I mean, yeah, there’s a few. It’s hard to pick one. I mean, as a songwriter, I’m really proud of “The Good Side.”  The day we wrote that song, I felt really special. That song sort of wrote itself in, I’m not kidding, like 25, 30 minutes. I’ve always wanted to write a song like that, that felt classic but but fresh. I set a goal to write for Selena [Gomez] and to be a part of her career with “Fetish,” it was very special to me and I just felt very lucky to be a part of that and for her to trust the song, and to give it her all and make an incredible music video. And I’m excited for what we have coming.


You and Selena Gomez?






You’ve recently crossed over into film curating the soundtrack for Sierra Burgess is a Loser and The Other Two. How do you switch gears from pop-music to cinema and scoring?


I enjoy being challenged and what I really loved about Sierra Burgess was I was able to include so many friends.  I was able to score the movie with Bram Inscore, who did the last two Troye albums, and then write 14 songs for it and then curate it, bringing in different friends to sing different songs that made sense, that made sense for the film. You know, I would have loved to bring my whole group, but it just had to make sense for the movie. But the difference is it’s a bigger project. I’m doing more. I am doubling as a creative but also as an executive and I really, really loved that. And working on Sierra Burgess is what inspired me to create Good Pop, which is my record label and a publishing company. I put out Sierra Burgess on my label and then just signed my first writer to Good Pop publishing.


We loved your set at Troye’s Bloom tour last year. How would describe the experience of opening on that tour?


Opening for Troye on the Bloom tour felt like being on vacation. It felt like traveling with one of your best friends. We just did the UK and Europe together and that was one of the most beautiful experiences I’ve ever had. That was also the first time that I would step on stage and people knew the words and were singing loud back to me and that never gets old. Especially because I’ve been working for a long time, so it’s really nice to have those moments. It was just incredible. I hope to have another experience like that again, but if not, it was amazing.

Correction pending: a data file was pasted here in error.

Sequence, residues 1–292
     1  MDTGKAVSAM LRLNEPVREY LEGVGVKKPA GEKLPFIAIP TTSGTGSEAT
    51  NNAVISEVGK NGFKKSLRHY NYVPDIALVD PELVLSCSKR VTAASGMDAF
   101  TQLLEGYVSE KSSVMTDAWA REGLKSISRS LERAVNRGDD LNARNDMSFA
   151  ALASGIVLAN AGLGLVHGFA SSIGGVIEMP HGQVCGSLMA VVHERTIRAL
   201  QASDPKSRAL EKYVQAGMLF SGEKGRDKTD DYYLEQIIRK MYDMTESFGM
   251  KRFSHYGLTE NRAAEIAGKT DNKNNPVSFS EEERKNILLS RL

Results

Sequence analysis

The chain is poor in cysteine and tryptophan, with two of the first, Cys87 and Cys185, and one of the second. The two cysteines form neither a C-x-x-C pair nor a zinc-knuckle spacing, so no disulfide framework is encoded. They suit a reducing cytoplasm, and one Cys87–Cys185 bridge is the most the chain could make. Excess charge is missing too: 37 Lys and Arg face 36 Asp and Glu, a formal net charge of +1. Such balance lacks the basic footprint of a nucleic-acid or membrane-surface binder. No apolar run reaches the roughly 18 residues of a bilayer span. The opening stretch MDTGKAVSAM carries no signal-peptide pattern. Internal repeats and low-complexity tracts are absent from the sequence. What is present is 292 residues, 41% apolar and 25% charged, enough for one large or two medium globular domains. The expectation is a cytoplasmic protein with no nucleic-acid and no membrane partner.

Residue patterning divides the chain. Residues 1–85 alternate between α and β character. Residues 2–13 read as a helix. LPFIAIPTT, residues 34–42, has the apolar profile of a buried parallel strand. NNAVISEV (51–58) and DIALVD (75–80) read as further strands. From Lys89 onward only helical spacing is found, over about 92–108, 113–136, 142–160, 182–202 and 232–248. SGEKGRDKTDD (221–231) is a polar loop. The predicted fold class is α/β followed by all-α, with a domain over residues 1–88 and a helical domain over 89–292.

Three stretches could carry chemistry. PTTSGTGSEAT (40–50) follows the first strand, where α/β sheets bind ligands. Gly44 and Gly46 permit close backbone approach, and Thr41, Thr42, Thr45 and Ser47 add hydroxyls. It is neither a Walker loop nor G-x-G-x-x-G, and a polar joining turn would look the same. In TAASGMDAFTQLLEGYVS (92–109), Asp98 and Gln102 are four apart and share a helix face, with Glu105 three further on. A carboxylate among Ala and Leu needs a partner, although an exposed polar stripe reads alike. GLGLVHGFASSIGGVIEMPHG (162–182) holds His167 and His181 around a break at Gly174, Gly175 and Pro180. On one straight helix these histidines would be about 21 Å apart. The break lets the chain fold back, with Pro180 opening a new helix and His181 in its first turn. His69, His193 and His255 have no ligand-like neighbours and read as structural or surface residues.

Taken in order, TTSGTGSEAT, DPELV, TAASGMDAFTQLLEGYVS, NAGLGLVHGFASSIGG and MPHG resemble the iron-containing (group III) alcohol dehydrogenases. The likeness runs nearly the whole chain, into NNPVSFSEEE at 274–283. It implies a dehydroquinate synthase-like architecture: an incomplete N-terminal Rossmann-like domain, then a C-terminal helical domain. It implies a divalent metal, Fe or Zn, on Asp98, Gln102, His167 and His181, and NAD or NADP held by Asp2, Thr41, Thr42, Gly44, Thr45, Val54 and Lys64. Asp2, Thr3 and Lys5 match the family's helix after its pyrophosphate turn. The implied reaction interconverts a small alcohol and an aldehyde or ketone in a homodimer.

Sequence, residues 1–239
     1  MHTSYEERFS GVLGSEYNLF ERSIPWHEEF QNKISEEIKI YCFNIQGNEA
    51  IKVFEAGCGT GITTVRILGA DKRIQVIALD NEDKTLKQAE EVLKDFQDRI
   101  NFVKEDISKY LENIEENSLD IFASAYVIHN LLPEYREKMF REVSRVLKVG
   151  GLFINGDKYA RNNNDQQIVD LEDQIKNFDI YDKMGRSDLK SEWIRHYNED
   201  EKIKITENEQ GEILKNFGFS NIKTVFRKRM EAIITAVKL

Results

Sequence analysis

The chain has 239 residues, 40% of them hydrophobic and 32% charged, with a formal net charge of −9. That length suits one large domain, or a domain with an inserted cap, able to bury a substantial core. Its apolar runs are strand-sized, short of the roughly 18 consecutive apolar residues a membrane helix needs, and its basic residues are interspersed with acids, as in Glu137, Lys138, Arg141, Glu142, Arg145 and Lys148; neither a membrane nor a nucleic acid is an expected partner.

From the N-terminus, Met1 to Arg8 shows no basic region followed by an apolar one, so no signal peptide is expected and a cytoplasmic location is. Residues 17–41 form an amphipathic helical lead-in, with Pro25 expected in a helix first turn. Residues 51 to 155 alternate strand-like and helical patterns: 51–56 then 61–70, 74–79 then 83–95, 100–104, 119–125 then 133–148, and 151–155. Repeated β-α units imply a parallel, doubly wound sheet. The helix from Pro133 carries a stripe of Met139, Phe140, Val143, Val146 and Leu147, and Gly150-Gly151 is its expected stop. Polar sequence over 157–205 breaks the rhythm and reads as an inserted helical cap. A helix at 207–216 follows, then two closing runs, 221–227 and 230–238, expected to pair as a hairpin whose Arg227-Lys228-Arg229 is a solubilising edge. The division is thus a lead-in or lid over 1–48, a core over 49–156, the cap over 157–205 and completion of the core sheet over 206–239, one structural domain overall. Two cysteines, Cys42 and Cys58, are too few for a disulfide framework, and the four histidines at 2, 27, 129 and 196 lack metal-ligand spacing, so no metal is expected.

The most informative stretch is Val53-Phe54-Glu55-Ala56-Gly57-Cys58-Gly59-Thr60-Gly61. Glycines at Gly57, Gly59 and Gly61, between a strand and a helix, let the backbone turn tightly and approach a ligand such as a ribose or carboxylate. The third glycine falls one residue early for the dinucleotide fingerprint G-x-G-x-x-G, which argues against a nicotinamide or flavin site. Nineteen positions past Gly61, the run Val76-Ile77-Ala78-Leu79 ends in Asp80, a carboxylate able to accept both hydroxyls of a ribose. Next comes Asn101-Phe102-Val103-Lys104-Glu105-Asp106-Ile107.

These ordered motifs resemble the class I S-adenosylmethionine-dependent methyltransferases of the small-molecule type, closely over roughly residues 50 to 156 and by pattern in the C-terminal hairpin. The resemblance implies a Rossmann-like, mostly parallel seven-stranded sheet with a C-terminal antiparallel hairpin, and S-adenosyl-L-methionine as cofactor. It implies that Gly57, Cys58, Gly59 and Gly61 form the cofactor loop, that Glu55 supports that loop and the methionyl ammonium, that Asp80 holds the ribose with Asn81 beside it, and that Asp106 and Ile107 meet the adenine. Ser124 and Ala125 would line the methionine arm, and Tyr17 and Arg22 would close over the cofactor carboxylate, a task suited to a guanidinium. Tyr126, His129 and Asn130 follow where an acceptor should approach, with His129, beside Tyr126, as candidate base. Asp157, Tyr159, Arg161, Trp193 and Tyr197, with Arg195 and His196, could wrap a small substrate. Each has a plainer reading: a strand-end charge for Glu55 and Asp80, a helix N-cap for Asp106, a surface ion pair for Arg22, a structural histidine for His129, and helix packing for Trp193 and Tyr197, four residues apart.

We’re heading into the best month of the year pride month (Obviously!). It seems like you’ve placed your LGBTQ identity firmly into your music. Why was this important to you?


It took me a while to become comfortable with my sexuality because of the environment I grew up in. I grew up in south Mississippi where I was encouraged to be creative but not encouraged to be myself. And those were two things that really go hand in hand. And I felt like once I connected being creative with being myself, and discovering myself and figuring out who that is, what makes me happy, who makes me happy, I felt like I started to write better songs and be happier with myself. And as an artist, once I just embraced it and was like, “I don’t give a fuck,” I felt like so many more opportunities came in and organic fans came and people connected to the music more than ever. I’m not trying to do anything, which is really nice. Like I’m not trying to go out of my way to include male pronouns, but I’m doing it if it’s right, because it feels right and there’s a nice freedom in that.


What do you hope is next for Leland?


What I hope is next is that Troye and I get to make another album together. That artists that I respect put out songs that I’ve written, and that I just get to keep doing what I’m doing. I feel very lucky to be doing it and to be working with people that I respect so much. Even in the past few months, I’ve worked with some iconic females from Ellie Goulding to Kelly Rowland to just people that I respect, admire, and have wanted. And I’m just excited to see what’s coming.


Get into this songwriting king! Stream Leland on Spotify.